introduction to statistics 3


Your specific assignment for this week is to select one type of quantitative health datum to collect from your own life. Some examples of data to collect could be:

  1. How many minutes do you spend exercising each day? 90 min
  2. What is your total daily caloric intake in calories? 1200
  3. What is your resting heart rate in beats per minute? 80 beats per min
  4. How many ounces of water do you drink each day? 96 ounces
  5. What is your estimated total caloric expenditure from exercise each day?500
  6. What is your estimated daily intake of saturated fat in grams? 4g
  7. What is your daily systolic/diastolic blood pressure? 110/80

Your Task:

  1. Choose one variable that varies measurably from day to day. Be sure to specify the units of measurement, and state how it will be gathered.
  2. Then collect at least 5 days worth of data on that one variable. For example, if your variable is how many minutes you spend exercising each day, simply record the number of minutes that you spend exercising each day during the sampling period. Be sure to save this data for use in remaining SLP assignments. The more data points that you gather during the session, the better.
  3. Describe the data you have collected and its importance in relations to individual/population’s health.

Submit your (1-2 pages) paper

Required Reading and Resources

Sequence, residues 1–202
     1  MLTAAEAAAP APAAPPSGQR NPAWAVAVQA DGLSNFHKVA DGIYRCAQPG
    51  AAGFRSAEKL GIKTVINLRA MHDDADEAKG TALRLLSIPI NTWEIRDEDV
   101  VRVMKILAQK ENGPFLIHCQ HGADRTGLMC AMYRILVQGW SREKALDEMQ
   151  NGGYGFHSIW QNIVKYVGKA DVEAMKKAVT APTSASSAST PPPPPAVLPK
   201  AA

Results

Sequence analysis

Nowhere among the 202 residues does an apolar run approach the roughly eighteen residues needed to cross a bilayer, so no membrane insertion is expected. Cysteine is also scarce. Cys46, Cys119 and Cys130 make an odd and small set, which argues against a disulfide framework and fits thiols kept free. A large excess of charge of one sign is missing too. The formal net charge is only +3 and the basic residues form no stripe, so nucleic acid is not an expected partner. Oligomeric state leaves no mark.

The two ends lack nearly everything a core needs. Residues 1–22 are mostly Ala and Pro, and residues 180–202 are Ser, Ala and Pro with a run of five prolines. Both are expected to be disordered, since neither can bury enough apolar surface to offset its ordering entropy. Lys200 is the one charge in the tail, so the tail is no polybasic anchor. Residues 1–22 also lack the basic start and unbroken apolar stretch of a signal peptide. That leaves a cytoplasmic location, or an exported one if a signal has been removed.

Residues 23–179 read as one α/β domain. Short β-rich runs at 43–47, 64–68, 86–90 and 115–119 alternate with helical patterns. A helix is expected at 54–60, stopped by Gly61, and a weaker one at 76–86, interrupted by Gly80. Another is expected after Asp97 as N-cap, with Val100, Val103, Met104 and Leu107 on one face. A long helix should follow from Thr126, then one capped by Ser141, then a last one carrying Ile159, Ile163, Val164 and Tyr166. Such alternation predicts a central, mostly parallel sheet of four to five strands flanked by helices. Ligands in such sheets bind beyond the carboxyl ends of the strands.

Centers for Disease Control and Prevention [CDC]. (2012). Lesson 4: Displaying public health data. In Principles of epidemiology in public health practice [3rd ed.]. Retrieved from…

Cook, A., Netuveli, G., & Sheikh, A. (2004). Chapter 1: Laying the foundations: Measurements and probability. In Basic skills in statistics: A guide for healthcare professionals (pp. 3-14). London, GBR: Class Publishing. eISBN: 9781859591291.

Statistics Learning Centre. (2011, December 13). Types of data: Nominal, ordinal, interval/ratio. Retrieved from

Norman, G. R., & Streiner, D. L. (2014). Section the first: The nature of data and statistics: Chapter 1: The basics. In Biostatistics: The bare essentials [4th ed., e-Book]. Shelton, Connecticut: PMPH-USA, Ltd. eISBN-13: 978-1-60795-279-4. Available in the Trident Online Library EBSCO eBook Collection.

Partners in Information Access for the Public Health Workforce. (2016, August 9). Health data tools and statistics. Retrieved from

Additional Reading and Resources (Optional)

Allee, N., Alpi, K., Cogdill, K. W., Selden, C., & Youngkin, M. (2004). Public health information and data: A training manual. Retrieved from

Ash, R. (1970). Chapter 1: Basic concepts. In Basic probability theory (pp. 1-45). Dover Publications: Mineola, NY. Retrieved from

Centers for Disease Control and Prevention [CDC]. (2012). Lesson 4: Displaying public health data. In Principles of epidemiology in public health practice [3rd ed.]. Retrieved from…

Centers for Disease Control and Prevention [CDC]. (2012). Data and statistics. Retrieved from

Khan Academy. (2012). Statistics: The average. Retrieved from…

McGraw Hill Education. (2016). Chapter 1: What is statistics? (pp. 1-30). Retrieved from…

OnlineStatBook. (2011). Introduction to statistics: Levels of measurement . Retrieved from (2008, December 19). Introductory statistics – Chapter 1: Introduction . Retrieved from

Stattrek. (2016). Probability distributions: Discrete vs. continuous. Retrieved from…

Watt, J. H., & Van den Berg, S. (2002). Part 2: Basic tools of research. Chapter 9: Distributions, population, sample, and sampling distributions. In Research methods for communication science. Communication Institute for Online Scholarship

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